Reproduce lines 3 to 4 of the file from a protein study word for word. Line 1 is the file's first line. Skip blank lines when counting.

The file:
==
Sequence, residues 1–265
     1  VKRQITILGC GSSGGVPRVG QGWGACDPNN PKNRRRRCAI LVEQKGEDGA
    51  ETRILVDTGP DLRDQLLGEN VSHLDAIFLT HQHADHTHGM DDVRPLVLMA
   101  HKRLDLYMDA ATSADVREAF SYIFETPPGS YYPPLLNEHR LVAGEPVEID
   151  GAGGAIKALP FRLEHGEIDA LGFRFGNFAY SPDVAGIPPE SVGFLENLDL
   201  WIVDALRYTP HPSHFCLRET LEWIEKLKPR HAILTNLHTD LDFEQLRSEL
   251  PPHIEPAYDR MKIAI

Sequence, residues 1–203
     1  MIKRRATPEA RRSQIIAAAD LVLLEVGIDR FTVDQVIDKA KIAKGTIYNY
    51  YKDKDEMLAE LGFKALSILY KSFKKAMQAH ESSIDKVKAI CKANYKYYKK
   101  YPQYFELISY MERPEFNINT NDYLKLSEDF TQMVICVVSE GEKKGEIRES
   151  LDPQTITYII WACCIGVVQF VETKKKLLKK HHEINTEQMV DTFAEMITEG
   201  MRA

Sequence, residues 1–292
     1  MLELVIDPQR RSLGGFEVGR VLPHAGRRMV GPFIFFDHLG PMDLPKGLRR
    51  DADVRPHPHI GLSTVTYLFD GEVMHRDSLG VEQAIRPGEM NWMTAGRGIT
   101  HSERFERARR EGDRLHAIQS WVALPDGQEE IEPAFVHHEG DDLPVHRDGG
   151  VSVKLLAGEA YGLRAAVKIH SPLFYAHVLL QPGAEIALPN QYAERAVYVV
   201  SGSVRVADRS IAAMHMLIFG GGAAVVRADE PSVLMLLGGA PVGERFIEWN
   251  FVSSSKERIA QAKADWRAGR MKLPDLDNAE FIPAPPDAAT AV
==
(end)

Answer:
    51  ETRILVDTGP DLRDQLLGEN VSHLDAIFLT HQHADHTHGM DDVRPLVLMA
   101  HKRLDLYMDA ATSADVREAF SYIFETPPGS YYPPLLNEHR LVAGEPVEID